• Made many other mistakes respecting Indigenous peoples and policies Canadians today strongly disapprove; we understand the frustrations of the descendants of those affected by these mistakes. (Surely this handwaving "many other mistakes" amounts to historical malpractice, made shameful by the cheerleading "but on the other hand" that makes up the extended remainer of this point.)  Macdonald’s failures must, however, be weighed against an impressive record of constitution and nation building, his reconciliation of contending cultures, languages and religions, his progressivism and his documented concern for and friendship with the Indigenous peoples of Canada.

The more I read the letter, the more I think the Macdonald defence has two problems. The first, its blinkered denial of the indigenous critique, is the most combatative and most distressing. But the second, in some ways deeper, one is the insistence on a Macdonald-is-Canada, Canada-is-Macdonald, one-man-made-us, put-up-more-statues vision of Canada. It is both bad history and useless as a vision for modern Canadians to build from.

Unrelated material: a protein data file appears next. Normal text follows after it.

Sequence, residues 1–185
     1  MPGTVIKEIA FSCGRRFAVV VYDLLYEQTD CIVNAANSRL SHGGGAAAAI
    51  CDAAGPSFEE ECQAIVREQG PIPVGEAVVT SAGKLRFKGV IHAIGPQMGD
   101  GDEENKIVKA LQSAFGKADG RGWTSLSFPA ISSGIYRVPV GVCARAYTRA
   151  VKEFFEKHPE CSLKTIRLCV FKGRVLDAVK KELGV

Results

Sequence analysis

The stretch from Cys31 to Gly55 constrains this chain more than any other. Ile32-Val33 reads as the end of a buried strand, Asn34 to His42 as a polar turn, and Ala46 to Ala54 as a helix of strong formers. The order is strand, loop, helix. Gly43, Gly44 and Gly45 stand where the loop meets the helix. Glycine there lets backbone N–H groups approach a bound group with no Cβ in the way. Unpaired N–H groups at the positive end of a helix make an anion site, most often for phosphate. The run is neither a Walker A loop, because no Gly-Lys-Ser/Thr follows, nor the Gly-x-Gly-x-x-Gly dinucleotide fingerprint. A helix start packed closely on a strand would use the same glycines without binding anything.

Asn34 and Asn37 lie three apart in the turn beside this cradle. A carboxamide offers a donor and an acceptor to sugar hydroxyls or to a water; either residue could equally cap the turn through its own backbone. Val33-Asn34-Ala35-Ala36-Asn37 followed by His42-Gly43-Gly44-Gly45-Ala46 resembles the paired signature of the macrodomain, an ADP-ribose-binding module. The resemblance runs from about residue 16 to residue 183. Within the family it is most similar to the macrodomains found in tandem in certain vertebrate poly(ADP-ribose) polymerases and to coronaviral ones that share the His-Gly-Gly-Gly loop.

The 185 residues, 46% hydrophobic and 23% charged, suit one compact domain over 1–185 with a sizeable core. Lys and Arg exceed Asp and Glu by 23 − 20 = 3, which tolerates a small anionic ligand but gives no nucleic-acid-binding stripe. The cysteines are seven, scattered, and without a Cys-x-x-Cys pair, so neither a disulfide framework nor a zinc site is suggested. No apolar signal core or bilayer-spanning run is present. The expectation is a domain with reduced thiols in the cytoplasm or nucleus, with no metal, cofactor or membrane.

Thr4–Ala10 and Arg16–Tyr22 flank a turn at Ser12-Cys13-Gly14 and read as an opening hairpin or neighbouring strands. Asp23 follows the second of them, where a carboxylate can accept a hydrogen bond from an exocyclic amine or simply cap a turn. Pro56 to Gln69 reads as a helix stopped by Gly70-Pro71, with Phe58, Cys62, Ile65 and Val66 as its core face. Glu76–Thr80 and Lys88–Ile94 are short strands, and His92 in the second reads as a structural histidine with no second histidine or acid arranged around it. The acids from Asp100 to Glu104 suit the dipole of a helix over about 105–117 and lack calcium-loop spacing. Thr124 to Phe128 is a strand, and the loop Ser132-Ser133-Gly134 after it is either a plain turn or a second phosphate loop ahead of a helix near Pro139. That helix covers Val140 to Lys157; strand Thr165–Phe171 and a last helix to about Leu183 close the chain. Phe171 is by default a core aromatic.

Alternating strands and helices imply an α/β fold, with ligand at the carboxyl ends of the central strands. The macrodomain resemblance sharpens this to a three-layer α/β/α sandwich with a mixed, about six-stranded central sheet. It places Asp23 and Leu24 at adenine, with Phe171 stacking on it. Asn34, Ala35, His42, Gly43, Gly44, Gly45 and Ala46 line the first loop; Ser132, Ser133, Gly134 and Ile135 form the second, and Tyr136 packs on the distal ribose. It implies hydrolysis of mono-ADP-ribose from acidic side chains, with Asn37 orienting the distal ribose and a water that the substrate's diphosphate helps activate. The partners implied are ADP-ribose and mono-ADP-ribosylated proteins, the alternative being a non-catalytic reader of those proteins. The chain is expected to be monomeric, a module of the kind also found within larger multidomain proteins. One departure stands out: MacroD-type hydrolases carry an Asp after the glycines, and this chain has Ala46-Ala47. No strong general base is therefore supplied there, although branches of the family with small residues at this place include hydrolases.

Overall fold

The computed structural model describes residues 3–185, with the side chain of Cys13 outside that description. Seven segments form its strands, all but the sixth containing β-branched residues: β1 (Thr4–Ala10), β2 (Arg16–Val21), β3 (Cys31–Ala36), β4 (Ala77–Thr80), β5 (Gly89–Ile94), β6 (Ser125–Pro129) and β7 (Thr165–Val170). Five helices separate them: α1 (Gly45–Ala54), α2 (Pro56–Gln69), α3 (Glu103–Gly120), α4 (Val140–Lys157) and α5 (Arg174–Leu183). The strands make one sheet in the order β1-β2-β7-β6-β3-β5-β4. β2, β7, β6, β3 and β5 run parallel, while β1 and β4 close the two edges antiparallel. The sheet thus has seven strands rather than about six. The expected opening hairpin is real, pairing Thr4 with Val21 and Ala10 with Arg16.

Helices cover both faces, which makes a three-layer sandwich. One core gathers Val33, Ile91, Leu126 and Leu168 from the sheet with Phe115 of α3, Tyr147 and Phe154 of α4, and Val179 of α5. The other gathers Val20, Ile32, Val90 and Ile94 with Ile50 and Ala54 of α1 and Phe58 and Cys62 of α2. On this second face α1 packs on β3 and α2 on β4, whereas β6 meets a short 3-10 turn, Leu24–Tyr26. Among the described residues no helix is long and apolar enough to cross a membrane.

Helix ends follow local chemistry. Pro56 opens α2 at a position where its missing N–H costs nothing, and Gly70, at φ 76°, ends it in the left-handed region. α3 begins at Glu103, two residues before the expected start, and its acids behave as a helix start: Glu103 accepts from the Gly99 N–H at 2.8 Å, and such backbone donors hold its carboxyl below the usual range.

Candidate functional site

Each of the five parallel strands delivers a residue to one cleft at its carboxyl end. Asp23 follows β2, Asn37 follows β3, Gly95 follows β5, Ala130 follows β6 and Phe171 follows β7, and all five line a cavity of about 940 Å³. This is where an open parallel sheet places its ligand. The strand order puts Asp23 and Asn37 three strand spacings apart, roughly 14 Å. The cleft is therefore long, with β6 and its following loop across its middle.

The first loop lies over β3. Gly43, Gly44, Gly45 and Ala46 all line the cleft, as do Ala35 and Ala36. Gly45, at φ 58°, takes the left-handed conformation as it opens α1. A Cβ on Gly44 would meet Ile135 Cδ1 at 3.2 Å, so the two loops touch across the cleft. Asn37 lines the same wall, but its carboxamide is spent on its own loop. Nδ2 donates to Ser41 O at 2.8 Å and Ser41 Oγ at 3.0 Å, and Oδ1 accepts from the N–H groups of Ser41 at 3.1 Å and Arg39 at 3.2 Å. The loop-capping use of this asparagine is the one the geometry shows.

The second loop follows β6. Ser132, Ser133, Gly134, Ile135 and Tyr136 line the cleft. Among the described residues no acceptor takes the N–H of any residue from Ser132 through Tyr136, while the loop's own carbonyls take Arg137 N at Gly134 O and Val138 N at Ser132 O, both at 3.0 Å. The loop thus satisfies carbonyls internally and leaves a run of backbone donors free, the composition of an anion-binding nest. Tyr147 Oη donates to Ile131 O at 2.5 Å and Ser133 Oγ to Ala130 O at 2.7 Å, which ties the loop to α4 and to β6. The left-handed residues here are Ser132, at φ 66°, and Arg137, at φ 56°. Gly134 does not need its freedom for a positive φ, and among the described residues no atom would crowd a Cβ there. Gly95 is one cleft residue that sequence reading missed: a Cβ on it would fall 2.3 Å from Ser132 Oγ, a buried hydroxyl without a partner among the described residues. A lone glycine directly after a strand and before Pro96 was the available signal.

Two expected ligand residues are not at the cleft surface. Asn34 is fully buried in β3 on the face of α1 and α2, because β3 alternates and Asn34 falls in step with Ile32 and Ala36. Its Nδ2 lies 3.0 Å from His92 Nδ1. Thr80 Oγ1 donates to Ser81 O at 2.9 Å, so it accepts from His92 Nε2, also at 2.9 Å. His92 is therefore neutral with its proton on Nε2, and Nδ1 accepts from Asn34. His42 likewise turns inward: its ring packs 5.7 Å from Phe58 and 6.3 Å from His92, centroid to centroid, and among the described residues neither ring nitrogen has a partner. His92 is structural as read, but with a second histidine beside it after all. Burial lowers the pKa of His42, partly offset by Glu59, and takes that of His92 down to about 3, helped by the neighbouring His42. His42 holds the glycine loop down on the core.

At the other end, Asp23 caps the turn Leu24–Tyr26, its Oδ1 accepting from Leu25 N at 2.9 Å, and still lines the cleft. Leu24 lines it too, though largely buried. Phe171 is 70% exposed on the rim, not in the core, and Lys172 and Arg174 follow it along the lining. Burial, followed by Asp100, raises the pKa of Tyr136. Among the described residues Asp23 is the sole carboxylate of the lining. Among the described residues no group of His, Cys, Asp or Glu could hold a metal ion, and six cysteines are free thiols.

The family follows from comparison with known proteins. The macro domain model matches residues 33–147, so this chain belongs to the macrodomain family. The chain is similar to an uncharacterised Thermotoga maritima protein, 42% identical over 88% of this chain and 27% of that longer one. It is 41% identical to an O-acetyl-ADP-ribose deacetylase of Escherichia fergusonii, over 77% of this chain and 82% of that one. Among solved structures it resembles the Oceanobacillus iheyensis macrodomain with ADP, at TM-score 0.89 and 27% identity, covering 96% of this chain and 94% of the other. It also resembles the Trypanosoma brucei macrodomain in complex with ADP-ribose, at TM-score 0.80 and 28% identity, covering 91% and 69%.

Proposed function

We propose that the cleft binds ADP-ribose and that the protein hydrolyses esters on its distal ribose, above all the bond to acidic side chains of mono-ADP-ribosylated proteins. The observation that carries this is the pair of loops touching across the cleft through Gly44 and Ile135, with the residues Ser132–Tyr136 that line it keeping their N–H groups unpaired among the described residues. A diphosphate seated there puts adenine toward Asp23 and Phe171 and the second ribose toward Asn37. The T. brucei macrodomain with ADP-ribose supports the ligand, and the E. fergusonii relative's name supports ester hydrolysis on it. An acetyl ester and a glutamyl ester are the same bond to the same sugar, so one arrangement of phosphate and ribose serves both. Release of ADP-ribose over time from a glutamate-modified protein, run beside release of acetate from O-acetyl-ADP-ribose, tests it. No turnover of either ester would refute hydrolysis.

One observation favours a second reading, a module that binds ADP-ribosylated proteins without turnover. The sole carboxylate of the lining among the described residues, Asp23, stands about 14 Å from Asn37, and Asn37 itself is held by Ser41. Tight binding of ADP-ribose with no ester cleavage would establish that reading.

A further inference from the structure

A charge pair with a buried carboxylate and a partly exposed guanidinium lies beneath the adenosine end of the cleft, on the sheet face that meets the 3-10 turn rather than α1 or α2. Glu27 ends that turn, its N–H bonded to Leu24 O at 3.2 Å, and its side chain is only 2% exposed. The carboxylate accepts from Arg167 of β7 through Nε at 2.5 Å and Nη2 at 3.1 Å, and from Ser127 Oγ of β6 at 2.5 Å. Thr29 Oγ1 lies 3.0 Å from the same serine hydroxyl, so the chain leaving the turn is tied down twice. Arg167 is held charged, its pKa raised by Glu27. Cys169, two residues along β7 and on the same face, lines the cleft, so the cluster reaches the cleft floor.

Pointing out that Macdonald was not the lone and sole creator of the Canadian nation no doubt invites the Macdonaldians' rejoinder, see, they all did it, why blame Macdonald? And that may be a valid and accurate statement, but not one that coheres with the Put Out More Statues ideology that prevails here.